It is widely acknowledged that the two major interoceanic canals of Suez and Panama play a central role in global shipping flows. However, this role has rarely been measured with precision both in terms of the geographic coverage and network topological properties of canal-dependent flows.
Based on vessel movement data for containerships, the port study of PortEconomics associate member Cesar Ducruet- published in the 2nd issue of the 43rd volume of Maritime Policy & Management- clarifies the weight and share of canal-dependent flows globally and at the level of world regions, routes, and ports. It also estimates and maps the effects of removing canal-dependent flows from the network by means of graph-theoretical methods. While main results converge in showing a decreasing importance of canal shipping in the context of growing south-south trade exchanges, certain areas remain more dependent than others, such as Asia, Europe, and North America. The port study also underlines factors of port vulnerability across the globe in relation with the two canals.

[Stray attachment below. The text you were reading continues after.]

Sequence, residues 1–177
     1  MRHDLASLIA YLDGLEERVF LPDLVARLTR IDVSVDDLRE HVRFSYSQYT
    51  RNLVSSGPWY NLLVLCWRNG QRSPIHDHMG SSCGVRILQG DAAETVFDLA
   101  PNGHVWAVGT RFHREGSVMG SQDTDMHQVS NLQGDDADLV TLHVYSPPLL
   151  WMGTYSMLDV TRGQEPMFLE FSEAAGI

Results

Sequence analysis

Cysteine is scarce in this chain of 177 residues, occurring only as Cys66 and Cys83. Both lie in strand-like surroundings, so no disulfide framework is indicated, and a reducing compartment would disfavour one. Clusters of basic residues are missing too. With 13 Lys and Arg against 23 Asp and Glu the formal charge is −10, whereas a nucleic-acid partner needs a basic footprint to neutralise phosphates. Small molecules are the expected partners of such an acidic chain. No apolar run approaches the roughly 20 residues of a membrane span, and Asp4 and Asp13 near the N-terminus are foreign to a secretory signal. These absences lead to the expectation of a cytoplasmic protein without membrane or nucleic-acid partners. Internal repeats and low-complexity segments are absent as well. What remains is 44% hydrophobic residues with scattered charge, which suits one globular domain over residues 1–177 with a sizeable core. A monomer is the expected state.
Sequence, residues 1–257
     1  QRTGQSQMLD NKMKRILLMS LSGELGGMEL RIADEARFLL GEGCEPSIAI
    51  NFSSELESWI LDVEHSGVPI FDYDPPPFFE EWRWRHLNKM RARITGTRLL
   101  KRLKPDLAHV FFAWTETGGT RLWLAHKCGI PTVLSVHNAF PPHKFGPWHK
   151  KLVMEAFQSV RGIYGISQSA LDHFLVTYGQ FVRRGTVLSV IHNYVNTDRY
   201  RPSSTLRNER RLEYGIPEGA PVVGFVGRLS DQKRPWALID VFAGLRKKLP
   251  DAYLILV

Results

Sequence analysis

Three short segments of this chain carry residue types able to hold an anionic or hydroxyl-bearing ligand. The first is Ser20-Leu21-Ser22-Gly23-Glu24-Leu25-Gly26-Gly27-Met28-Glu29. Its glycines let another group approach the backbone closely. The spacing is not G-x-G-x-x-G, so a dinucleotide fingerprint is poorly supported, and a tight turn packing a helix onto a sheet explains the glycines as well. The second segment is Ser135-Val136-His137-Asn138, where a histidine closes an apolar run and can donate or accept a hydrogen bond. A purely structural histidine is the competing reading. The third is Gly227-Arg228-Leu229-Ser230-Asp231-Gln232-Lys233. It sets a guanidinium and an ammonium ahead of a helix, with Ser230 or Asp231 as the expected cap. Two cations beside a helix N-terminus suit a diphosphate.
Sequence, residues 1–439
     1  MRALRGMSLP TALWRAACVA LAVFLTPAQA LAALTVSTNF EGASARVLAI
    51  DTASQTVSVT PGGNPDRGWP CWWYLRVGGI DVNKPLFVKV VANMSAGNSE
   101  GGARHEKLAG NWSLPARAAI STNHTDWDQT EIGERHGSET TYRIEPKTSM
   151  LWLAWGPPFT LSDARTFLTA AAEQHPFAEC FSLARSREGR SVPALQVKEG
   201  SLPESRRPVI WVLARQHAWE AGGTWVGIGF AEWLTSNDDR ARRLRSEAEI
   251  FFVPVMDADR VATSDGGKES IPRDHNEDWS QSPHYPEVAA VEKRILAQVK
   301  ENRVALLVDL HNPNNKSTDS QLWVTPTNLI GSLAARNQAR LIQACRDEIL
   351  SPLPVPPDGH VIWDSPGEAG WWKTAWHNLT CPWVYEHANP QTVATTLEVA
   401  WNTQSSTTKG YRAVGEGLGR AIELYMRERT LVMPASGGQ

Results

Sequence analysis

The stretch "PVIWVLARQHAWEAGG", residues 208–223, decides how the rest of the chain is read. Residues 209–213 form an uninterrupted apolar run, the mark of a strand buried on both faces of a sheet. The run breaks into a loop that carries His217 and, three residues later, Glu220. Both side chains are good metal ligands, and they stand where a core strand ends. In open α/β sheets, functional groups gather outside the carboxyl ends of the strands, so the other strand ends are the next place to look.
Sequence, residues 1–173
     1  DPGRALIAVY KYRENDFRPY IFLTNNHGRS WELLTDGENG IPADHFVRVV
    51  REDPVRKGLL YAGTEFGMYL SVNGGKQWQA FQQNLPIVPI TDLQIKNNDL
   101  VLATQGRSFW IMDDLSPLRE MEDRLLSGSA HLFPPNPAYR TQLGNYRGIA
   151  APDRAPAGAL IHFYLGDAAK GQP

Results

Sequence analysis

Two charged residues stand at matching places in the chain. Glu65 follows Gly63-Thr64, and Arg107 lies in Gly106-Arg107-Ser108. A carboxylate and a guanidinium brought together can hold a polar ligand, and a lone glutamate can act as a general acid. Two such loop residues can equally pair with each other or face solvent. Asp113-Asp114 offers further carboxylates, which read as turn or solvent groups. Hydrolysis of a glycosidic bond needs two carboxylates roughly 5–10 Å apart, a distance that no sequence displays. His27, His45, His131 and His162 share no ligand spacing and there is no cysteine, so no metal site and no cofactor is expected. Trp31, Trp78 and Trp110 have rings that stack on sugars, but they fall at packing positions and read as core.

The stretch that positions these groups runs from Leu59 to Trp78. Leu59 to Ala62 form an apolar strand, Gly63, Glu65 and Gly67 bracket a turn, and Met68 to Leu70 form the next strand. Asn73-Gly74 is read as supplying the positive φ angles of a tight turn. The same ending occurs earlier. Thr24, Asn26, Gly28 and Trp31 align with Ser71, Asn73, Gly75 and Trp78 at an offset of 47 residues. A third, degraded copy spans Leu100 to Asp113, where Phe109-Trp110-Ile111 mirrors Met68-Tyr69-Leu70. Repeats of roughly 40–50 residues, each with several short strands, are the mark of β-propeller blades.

Access Cesar’s article via Maritime Policy and Management website.